Computer program can predict how cancerous tumors will respond to drugs before dosing starts


A new IT tool has been developed for predict how certain cancers may react experimental treatment even before it has been administered to a patient.

First reported by FirstWord Pharmaceuticals, the computer program is able to predict how tumors might become resistant to treatment even before it becomes evident in a clinical trial. The computer model was developed at The Cancer Research Institute. The program, which was described in a new article published in the journal Cellular Chemical Biology, could potentially allow researchers to start “working on second-generation drugs to combat drug resistance before the first-generation drug is given to patients.” FirstWord Pharmaceuticals reported.

Not only that, but the program could also lead to the development of tests that would determine whether or not patients had certain mutations in their cancer that would be resistant to certain potential treatments. This determination would give the first chance to deliver personalized medicines to a patient, FirstWord Pharma noted. The computer program was also able to predict which part of a cancerous tumor might have multiple mutations that would require multiple treatment options. The computer program “prioritized mutations” in these areas based on the likelihood that they formed in the type of cancer being studied, according to the report.

“Our new approach can predict which mutations are likely to arise in response to drug therapy in different types of tumors,” said Teresa Kaserer, chief scientist at the London-based Cancer Institute. FirstWord Pharma. “This will be extremely beneficial for the design of new cancer drugs. Instead of reacting to what we see in the clinic – when it’s too late because patients have stopped responding to treatment – we can use our computer method to predict during the drug design phase how resistance will arise.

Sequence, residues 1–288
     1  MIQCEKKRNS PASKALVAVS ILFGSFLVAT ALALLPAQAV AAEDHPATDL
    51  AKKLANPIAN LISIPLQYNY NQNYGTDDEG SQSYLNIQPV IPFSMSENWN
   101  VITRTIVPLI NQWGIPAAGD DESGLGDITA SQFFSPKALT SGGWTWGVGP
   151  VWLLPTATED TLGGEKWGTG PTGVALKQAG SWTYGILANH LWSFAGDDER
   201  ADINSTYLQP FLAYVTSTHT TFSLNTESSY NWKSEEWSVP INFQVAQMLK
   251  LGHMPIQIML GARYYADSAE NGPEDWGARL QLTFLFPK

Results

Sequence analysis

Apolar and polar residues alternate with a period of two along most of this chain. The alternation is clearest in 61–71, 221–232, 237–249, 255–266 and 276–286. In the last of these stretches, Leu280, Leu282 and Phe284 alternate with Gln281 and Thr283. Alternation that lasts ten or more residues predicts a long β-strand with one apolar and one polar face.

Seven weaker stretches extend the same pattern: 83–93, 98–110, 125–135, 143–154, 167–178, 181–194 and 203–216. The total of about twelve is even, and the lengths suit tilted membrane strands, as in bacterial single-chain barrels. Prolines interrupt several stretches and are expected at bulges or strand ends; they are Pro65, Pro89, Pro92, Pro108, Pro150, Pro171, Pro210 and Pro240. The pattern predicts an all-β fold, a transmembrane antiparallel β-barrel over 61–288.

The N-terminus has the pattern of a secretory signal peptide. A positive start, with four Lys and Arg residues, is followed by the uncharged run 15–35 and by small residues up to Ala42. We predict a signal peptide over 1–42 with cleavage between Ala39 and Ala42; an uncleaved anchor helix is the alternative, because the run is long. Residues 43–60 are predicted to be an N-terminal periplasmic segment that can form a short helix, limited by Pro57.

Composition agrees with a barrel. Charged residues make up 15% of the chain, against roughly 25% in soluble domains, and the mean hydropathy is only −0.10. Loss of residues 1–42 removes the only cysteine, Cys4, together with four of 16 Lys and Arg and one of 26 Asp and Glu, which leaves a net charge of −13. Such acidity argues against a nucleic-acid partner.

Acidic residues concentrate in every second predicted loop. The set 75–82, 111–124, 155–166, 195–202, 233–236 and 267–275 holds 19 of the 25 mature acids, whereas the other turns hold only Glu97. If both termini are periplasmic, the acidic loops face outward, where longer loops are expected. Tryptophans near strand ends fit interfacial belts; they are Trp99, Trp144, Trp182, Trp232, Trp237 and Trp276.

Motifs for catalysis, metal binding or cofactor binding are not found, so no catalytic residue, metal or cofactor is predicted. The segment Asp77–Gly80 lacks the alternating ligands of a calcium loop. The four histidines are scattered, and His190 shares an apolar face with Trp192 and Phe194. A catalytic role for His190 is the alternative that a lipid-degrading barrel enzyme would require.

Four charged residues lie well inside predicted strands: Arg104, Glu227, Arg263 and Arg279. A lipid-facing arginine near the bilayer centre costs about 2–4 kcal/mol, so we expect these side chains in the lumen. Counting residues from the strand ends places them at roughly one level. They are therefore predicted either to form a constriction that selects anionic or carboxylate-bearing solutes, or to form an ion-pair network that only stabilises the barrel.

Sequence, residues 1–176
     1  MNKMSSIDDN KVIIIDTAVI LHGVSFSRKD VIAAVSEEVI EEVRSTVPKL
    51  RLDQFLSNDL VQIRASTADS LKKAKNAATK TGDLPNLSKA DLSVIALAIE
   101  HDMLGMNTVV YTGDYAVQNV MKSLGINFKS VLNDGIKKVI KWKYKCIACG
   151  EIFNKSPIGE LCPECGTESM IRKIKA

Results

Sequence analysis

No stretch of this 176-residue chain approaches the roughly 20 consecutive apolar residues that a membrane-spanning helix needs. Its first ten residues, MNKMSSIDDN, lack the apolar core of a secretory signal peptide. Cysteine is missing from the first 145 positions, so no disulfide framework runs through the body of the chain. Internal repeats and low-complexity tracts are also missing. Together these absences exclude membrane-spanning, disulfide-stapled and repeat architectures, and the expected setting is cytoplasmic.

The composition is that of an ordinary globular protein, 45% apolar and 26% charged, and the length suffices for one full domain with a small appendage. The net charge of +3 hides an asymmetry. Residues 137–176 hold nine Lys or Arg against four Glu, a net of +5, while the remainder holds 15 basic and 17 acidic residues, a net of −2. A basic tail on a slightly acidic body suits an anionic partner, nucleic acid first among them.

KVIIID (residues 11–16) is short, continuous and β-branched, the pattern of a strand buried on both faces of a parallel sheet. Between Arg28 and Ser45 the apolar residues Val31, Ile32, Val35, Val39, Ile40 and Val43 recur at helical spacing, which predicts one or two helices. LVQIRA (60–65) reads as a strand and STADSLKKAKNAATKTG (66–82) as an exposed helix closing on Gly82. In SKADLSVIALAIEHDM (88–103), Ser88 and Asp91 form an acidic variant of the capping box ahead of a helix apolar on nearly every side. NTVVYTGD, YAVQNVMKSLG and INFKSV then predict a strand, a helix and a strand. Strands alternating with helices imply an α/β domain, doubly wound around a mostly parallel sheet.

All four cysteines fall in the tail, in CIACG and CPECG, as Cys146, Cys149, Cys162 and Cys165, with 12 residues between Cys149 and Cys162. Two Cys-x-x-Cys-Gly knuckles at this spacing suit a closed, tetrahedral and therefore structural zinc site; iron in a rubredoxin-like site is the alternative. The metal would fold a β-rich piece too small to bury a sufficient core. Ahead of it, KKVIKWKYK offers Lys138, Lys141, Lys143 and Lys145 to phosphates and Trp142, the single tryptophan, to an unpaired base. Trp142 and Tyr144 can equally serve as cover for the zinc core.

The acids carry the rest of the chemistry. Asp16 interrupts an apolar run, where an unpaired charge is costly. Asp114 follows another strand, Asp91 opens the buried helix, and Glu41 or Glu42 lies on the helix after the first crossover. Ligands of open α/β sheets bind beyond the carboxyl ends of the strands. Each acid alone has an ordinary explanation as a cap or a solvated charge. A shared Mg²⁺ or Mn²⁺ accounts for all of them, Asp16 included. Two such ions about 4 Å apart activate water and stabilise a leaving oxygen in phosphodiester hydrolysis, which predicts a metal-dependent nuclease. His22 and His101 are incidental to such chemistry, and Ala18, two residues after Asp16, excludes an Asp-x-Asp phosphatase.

Kaserer told the publication that the success of the computer program means researchers can develop tests that will select patients for particular treatments and better monitor them while they take the drug.

“This could be great news for patients, who could switch to a second generation drug as soon as a resistance mutation emerges,” Kaserer said.

As part of the program’s development, researchers tested the computer model on existing anticancer drugs and drug targets. This included 17 different drugs that target cancer-related proteins, such as MAPK1, KIT, EGFR, Abl, and ALK, FirstWord Pharmaceuticals noted. The program was able to “accurately predict many of the mutations doctors see in the clinic,” according to the article. For the MAPK protein, the computer was able to predict many that were generated in the laboratory, FirstWord Pharmaceuticals added.

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Gordon K. Morehouse